Wednesday, January 17, 2018

The Funeral for Decency

Omissions are not accidents.

—Marianne Moore, Complete Poems, author’s note

The funeral has begun. The casket lies open on the altar of decency and the asterisk rests quietly within, while the officiant prepares to close the coffin and lower it into its grave. The officiant is Donald J. Trump. The asterisk has served us well and protected us from crudeness. Prior to its last gasp, it had been in a perilous state and its requiem had been sung. But hope sprang eternal, and it was hoped it might recover. It did not, and having been relieved of its suffering, will serve us no longer. Its final illness began many months ago when Donald J. Trump came onto the stage. It was he, with his grossness and contempt for civilized discourse, that caused the asterisk to begin its decline.

The asterisk had for years enjoyed its role of permitting those committing thoughts to writing, to make reference to words that might offend, by only hinting at their use rather than printing them in full. One of the early manifestations of the illness to which the asterisk was succumbing, appeared on October 8, 2016, on the front page of the New York Times. The lead article was entitled: “Tape Reveals Trump Boast About Groping Women.” In the second paragraph of that story, a story having nothing to do with dogs or cats, the words “bitch” and “pussy” appeared, and in the third paragraph, what was formerly referred to as “the F word,” appeared without the help of the asterisk, the paper apparently having concluded that it was no longer needed. The editor who made that decision was confirmed in his belief that the asterisk was no longer an essential part of the literary world when one week later, in columns by noted columnists, Maureen Dowd and Nicholas Kristof, each of them eschewed the asterisk when referring to the fact that the crudity who had become the president of the United States, had agreed with the interviewer, Michael Stern, that his daughter, Ivanka, was a “piece of ***.” Unlike this writer, the two columnists declined the assistance of the asterisk in their pieces.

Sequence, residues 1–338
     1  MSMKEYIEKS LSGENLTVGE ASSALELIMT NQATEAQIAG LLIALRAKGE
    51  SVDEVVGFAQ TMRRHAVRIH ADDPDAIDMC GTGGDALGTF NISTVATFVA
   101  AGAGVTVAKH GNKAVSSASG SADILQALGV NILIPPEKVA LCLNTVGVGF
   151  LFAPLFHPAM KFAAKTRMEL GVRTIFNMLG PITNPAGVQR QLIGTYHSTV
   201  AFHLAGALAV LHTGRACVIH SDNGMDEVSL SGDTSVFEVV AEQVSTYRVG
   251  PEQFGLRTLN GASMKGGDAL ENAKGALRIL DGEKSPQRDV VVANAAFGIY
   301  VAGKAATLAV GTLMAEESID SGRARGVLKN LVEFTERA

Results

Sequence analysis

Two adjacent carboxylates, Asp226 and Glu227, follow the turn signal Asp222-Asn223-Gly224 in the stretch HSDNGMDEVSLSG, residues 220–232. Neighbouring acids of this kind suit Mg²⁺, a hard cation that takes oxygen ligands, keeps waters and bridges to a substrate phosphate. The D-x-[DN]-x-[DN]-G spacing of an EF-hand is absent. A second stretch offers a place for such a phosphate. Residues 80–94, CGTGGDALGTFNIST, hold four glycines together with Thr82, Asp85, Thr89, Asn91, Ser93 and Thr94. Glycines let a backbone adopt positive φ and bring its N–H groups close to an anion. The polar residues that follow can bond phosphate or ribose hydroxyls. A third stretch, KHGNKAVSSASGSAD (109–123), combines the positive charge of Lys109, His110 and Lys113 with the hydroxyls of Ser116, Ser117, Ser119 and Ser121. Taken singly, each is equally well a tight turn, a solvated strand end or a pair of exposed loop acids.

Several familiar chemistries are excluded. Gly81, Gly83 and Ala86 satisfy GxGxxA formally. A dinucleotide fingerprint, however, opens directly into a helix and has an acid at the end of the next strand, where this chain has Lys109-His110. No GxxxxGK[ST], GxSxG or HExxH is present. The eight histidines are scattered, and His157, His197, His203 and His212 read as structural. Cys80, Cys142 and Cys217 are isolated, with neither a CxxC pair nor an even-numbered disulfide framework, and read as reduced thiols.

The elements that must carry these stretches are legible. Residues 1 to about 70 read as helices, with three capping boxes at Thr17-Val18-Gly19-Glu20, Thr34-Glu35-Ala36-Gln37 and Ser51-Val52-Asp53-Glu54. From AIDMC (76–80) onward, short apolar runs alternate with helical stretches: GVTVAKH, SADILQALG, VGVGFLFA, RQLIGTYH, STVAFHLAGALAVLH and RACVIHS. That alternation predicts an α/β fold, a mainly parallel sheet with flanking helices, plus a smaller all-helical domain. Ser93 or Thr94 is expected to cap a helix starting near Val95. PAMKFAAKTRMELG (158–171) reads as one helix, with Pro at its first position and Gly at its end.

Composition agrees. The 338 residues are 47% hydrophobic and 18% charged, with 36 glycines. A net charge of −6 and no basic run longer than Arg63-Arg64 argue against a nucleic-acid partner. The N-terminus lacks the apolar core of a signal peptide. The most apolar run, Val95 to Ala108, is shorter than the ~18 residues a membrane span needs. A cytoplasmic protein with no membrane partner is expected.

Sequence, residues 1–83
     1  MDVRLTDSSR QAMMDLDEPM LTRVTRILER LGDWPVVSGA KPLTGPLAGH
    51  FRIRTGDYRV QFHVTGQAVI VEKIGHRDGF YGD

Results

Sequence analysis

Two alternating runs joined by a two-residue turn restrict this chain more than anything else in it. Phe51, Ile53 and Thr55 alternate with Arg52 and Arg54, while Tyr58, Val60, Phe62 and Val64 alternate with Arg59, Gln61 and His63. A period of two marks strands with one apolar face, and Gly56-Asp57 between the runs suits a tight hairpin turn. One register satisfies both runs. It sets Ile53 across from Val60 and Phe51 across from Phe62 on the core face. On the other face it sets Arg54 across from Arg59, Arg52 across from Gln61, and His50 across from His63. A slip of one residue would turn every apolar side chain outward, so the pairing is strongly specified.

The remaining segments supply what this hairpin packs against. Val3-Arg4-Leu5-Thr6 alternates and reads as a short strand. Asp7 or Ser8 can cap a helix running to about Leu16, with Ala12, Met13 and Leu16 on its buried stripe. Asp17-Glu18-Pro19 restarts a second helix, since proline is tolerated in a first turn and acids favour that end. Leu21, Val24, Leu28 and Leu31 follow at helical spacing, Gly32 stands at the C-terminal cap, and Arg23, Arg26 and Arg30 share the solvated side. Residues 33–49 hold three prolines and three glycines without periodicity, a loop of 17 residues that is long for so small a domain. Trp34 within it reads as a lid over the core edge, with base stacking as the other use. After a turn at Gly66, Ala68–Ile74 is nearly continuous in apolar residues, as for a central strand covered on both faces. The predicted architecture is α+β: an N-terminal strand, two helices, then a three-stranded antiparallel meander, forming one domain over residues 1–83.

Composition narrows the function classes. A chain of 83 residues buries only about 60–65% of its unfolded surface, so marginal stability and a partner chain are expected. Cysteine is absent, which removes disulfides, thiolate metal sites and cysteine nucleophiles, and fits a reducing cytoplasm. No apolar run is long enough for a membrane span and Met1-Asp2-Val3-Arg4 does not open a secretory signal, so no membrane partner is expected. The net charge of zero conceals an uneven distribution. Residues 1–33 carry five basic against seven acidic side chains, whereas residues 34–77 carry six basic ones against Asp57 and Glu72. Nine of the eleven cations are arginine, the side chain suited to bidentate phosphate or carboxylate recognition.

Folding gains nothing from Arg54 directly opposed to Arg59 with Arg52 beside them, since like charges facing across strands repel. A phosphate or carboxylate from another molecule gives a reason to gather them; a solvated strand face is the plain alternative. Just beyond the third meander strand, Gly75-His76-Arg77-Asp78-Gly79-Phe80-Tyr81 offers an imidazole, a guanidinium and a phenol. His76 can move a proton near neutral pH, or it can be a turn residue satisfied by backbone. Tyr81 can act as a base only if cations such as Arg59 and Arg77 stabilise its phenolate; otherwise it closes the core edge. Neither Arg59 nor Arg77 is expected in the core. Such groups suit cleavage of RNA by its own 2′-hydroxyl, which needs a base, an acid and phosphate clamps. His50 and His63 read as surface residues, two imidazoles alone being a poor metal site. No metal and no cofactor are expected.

During the same period that the asterisk’s illness manifested itself in the New York Times, its affliction was also apparent in the Washington Post. On October 10, 2016, there was a story in “The Fix” about comments made by a Clinton aide. In the headline, the asterisk was alive and well. The headline was: “Clinton aide to Donald Trump ‘go * * * * yourself.’” Unquestionably proud of itself and its prominence on the front page of the Washington Post, the asterisk had to be disappointed when in the context of the article it found itself pushed aside in favor of the offending letters that were permitted to complete the word, a word that the asterisk knew even a few months earlier would never have been given voice in a publication as important as The Washington Post. Be that as it may. The debasement of the English language by the White House Fool, is now complete.

In demonstrating his complete lack of qualification to represent the United States in any respect, the White House Fool used a word to describe nations he holds in contempt that, to the knowledge of this writer, had not appeared in the mainstream press or been heard or seen on major radio or television outlets. And it was interesting to see how the transmogrification of the English language and the death of the asterisk was assured during the two or three days following the revelation from Senator Richard Durban of what crudeness had been spoken by the White House Fool on January 11, 2018, when meeting with the Senators. When the report was first made public, at least one major network in describing the word used by the Fool, said it was not a word that journalistic niceties would permit to be uttered and simply hinted at it. The same approach was taken by various other commentators. Such niceties were soon cast aside. Within a matter of 48 hours or so, the asterisk, that had protected the sensibilities of the reader when the story was first reported in print, was discarded, and the offensive word appeared in full in all its glory surrounded for a few days by quotation marks that were apparently considered by the publisher to be a substitute for the deceased asterisk. In a recent column by Paul Krugman in the New York Times the quotation marks have gone the way of the asterisk. The word appears without even a suggestion that its advent into the main stream press is unusual or unwelcome. Like the printed press, radio and television now make no attempt to shield viewers and listeners from the offending word.

Those wanting a longer description of the travels of that word through the media since its advent a few short days ago, should go to a piece written by Sean O’Neil. In his column he traces the word’s treatment since it was introduced into polite society and provides an excellent description of how discretion and sensitivity have left our world. In their place, the White House Fool occupies a bigger and bigger part of it. Sad.